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Feedback On Olympic Medallion Kilns?

kiln research reviews

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#1 b.schmitt

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Posted 21 September 2013 - 12:50 PM

Hello Forum,

 

I'm new to the group. I'm shopping for my first kiln and am wondering if anyone has any experience or feedback with the Olympic Medallion series of kilns.

 

I'm thinking of the MAS1818HE with the V6-CF controller. From ClayKing, this would only be $1080 delivered including a furniture kit. Olympic claims that their lower prices are due to their factory location near the supply of firebrick.

 

I've also been shopping for a used Skutt KM-818, though then would have the uncertainty of a used kiln.

 

I plan to fire porcelain to cone 5-6 and would prefer the digital controller. I'm limited to 240V, 40A breaker.

 

Any thoughts or feedback would be much appreciated. 

Brian



#2 justanassembler

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Posted 21 September 2013 - 02:42 PM

I am not a fan of that 3 key orton controller, because of the lack of input keys you have to go through a bunch of steps to enter programs..  In terms of the quality of the actual kiln, I have found generally that olympics seem to lack a nice fit and finish, and sometimes I feel as though there were corners cut in the design to save a bit of cash...  At the end of the day, it will fire your work, but it may not be as convenient or nice as a slightly more expensive kiln from skutt, l&l, etc.



#3 Mark C.

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Posted 23 September 2013 - 05:45 AM

I like L&L kilns-wish I had one but own three skutts instead.

next kiln will be a L&L

Mark


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#4 grype

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Posted 01 May 2014 - 11:17 PM

No one else have experience with these kilns? The price seems nice for a good starter kiln.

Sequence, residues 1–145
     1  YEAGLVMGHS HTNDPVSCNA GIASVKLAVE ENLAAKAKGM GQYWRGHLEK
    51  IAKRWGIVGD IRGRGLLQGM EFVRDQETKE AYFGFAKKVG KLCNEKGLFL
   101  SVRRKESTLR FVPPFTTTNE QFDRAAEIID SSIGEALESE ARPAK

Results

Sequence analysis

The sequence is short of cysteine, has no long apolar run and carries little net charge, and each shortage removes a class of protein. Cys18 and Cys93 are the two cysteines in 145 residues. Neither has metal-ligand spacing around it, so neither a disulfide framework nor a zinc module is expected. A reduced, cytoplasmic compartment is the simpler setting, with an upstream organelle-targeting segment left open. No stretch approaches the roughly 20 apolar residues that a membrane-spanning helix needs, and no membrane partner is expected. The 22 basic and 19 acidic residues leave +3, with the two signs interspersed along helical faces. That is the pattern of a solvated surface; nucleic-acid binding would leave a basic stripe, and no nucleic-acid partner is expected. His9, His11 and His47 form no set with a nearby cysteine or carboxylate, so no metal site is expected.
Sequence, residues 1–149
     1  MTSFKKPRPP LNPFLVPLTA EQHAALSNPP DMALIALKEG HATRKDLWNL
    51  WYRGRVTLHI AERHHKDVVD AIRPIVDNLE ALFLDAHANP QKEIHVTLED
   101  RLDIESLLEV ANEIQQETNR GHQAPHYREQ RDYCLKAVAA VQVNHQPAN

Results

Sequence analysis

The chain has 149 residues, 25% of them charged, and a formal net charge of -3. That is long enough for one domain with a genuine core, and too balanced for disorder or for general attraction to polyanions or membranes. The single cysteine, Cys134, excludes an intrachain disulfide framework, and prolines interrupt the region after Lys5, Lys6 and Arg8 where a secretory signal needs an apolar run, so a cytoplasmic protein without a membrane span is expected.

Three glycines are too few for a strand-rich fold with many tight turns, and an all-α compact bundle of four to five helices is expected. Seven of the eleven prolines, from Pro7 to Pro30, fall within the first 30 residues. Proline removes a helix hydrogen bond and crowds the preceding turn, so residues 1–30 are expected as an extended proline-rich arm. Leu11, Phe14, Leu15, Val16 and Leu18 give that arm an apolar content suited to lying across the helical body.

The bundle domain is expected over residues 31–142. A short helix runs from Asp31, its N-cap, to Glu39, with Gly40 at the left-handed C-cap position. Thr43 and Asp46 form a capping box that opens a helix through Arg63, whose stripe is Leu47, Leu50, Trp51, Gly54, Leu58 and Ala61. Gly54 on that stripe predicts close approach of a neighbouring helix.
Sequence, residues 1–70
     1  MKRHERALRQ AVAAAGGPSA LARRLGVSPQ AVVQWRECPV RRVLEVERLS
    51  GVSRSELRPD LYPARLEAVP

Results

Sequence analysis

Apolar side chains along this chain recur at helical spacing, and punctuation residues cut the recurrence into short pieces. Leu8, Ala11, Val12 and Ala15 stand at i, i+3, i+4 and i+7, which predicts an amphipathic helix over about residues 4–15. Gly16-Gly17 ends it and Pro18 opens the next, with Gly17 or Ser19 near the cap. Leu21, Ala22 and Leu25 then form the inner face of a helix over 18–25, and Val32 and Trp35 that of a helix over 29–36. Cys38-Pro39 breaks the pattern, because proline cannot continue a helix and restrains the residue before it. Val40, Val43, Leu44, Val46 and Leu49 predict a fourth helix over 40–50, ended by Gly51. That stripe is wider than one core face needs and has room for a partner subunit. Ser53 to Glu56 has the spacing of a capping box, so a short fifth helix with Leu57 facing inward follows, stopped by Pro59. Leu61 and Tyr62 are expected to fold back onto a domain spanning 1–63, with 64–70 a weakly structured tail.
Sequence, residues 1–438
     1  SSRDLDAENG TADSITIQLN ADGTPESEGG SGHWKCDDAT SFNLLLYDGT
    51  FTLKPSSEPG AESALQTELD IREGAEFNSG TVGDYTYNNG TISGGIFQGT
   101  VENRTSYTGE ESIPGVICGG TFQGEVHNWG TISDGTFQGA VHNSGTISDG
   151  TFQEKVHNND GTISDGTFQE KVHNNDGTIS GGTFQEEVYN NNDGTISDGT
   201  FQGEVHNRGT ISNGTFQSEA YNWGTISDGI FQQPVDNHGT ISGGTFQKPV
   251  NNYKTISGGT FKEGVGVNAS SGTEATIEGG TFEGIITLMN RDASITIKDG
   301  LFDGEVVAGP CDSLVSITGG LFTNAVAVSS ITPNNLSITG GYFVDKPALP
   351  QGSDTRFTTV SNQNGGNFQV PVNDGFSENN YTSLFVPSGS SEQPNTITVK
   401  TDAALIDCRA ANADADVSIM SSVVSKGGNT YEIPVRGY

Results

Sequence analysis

#5 Mark C.

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Posted 02 May 2014 - 01:39 AM

welcome to the forums

I think they cut few corners on quality as mentioned above

they will fire your work but in the long run you get what you pay for.

I have seen their largest gas car kiln and it was lacking in a few regards 

The owner has not been happy with the kiln in terms of quality or the service from manuafacture 

The way it was packed or how it has held up in use.This was a gas kiln

My thought is for a few dollars more after being a starter may want it to last longer or be worth more if you decide to resell

reviews in the ceramic equipment world are non -existent

only find them from owners who tried the stuff and are willing to talk

my next electric if I ever get another will be an L&L

Mark


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#6 schmism

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Posted 02 May 2014 - 01:46 AM

Please check out your local craigslist.  In the midwest there are no less than 20 kilns on CL within 400 miles of were i live.  Avg price for an avg size kiln is $400 with kiln furniture.  There are probably 10 decent ones for $300 or less. 



#7 smallshop

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Posted 02 May 2014 - 05:54 AM

Schmism has it right.  I've seen everything from old manual kilns to top of the line digital controlled Skutt's.  Watch craigslist for a couple of weeks and check a few out.  Quality varies, and be careful of the overpriced ones, they will be easy to spot with a little research.  



#8 neilestrick

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Posted 02 May 2014 - 09:05 AM

In general, you get what you pay for in a kiln. If it's the lowest price kiln of its size on the market, it's probably not the best quality. That said, kilns of the size you're looking at generally hold up better than big kilns since they have fewer bricks and smaller lid/floor slabs. There's just not as much weight causing shifting and wear on the bricks. So it'll probably hold up fine compared to other kilns of that size. What you'll gain from a more expensive kiln is thicker, better quality stainless used for the outer jacket and probably a better hinge, both of which contribute to less shifting and wear on the bricks. I would also check to make sure the control box on that Olympic is hinged, otherwise repairs are a pain. With an L&L you'll gain a stand with a solid top for better support, hard element holders which protect the bricks, and a standoff tilt down control box which is super easy to work on and keeps electronics running cooler.

 

Whichever route you go, get the better controller. It's worth it.


Neil Estrick
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L&L Kilns Distributor